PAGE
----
Because the specimen is so thin, you’ll need to take great care, use forceps to pick up your sliced specimen, and gently position it onto the slide (it doesn’t matter which side), unless you have a specimen that you fear might roll off the slide, then use a concave slide to ensure this doesn’t happen.

If your specimen is not going to roll off the slide, then use a flat-sided slide.

Use A Cover Slip

A coverslip is an ultra-thin piece of glass (nowadays, it’s more common for coverslips to be plastic), approximately 3/4-inch square.

The job of a coverslip is two-fold. One, it prevents the specimen from slipping off the slide. Two, the coverslip prevents any harm from coming to the sample if a user lowers the microscope’s lens too much and inadvertently damages the specimen.

You now have a fully prepared dry mount slide ready for inspection under your microscope.

How To Prepare A Wet Mount

Place A Drop Of Water On The Slide

Inspect your slide and ensure there is no dirt or fingerprints on the slide. You can use a concave or flat slide; it’s up to you. Position a drop of water in the center of the slide using an eyedropper. The mount takes its name because you’re using water on the slide.

You need the water to ensure the organic sample your viewing doesn’t dry out under the microscope lights. The water will preserve any living organisms you’re viewing, for example, single-cell organisms.

If you want to create a permanent slide of dead organic material, you can substitute the water for clear nail varnish.

Place A Drop Of Water On The Slide

Prepare A Wet Sample Specimen

Wet mounts typically feature living or organic materials. You can use a toothpick or razor to cut or scrape to generate a small piece of your wet specimen. There are some common materials used for creating wet mount slides, such as:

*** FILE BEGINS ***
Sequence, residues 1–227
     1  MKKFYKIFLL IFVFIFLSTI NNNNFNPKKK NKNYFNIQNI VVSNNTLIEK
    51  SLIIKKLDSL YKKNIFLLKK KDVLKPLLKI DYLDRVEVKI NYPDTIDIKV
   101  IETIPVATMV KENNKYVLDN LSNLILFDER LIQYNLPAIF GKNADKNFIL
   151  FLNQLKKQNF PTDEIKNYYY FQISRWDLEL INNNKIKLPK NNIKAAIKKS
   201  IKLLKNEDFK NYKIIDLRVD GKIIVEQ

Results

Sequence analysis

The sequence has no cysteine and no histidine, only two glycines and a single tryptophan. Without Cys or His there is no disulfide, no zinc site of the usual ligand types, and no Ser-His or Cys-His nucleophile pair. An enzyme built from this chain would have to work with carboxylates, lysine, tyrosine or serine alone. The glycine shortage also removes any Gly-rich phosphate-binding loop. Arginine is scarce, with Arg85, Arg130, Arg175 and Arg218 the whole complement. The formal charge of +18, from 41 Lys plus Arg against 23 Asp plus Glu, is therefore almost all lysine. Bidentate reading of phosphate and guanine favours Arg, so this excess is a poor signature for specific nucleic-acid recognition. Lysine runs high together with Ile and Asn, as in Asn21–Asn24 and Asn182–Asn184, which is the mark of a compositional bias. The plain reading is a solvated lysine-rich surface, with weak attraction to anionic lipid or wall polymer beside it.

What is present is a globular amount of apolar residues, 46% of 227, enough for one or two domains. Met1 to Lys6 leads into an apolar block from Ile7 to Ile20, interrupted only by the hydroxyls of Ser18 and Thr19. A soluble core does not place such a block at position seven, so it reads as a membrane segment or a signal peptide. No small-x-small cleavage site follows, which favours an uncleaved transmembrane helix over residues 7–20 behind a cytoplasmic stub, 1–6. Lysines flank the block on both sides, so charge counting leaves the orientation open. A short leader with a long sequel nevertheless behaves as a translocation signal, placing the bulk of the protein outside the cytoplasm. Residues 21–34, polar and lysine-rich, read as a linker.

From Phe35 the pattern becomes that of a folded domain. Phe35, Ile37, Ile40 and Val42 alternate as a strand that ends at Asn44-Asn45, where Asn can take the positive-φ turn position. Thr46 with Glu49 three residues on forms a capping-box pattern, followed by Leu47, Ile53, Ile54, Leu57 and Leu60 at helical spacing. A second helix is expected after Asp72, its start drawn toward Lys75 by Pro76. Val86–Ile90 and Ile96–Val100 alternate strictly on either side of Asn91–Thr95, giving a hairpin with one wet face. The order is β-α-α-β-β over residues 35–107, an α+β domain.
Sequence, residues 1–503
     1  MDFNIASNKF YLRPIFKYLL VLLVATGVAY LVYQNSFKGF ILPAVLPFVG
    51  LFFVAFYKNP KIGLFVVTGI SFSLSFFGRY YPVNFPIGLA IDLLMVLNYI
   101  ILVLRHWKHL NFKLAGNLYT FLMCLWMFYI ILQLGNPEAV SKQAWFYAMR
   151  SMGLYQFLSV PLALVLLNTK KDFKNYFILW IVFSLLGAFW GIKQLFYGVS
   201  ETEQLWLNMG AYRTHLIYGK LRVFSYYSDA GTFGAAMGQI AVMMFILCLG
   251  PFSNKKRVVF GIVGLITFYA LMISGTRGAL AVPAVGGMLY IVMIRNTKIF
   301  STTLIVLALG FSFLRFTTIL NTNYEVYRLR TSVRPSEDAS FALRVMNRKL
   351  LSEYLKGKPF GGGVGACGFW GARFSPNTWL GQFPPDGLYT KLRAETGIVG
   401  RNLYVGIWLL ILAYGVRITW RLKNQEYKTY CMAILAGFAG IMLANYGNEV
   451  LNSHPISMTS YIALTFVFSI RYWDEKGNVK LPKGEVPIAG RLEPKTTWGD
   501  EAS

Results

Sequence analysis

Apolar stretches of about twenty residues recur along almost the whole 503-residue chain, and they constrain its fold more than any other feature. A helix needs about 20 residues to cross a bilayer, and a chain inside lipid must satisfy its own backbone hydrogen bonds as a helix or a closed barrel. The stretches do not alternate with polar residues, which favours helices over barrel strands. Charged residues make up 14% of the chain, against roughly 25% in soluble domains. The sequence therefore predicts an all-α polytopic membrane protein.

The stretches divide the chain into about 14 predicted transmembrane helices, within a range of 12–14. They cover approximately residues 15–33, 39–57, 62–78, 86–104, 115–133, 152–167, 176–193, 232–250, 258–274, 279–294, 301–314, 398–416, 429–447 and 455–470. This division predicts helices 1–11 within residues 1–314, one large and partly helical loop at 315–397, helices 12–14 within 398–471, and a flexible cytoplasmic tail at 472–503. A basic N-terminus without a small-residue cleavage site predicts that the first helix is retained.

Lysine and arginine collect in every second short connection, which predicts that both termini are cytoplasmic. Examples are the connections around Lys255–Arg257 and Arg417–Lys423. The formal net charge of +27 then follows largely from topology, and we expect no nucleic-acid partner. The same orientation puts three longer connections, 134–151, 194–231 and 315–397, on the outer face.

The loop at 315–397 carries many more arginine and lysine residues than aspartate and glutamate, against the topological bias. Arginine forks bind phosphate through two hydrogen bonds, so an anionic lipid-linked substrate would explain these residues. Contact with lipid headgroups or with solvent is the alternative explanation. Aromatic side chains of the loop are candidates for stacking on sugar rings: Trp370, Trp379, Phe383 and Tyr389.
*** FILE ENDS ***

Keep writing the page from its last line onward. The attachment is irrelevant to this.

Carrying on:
• Human cheek cells or plaque from your teeth.
  • Take a plant stem and cut a thin cross-section with your razor blade.
  • Single-celled organisms such as amoebas or paramecium will require a different method of collection. Easily the quickest way is to find water where you know algae or single-celled organisms swim and use a clean-eyedropper to suck up one or two drops.

Position Specimen Onto The Slide

How you place the specimen onto the slide depends on what the sample is. You can use anything from tweezers to a toothpick. If you’re studying single-cell organisms, use the eyedropper to drop a couple of drops into the water already on the slide.

Whatever tool you use to transfer the sample, ensure you place the specimen directly into the center of the water on the slide.

Place A Coverslip Onto The Slide

Once you place your sample into the water on the slide, place a coverslip over the top. Now position one edge of the coverslip onto the slide next to the water. You should gently lower the other edge of the coverslip until it rests on top of the sample. The pressure from the coverslip will spread the drop of water outwards until it reaches the edges of the coverslip.

Do not exert any pressure on top of the coverslip, or you will damage the specimen.

Conclusion

If you want to know how to prepare microscope slides, this article will provide all the information you’ll need to prepare both dry and wet mount slides for your investigative future.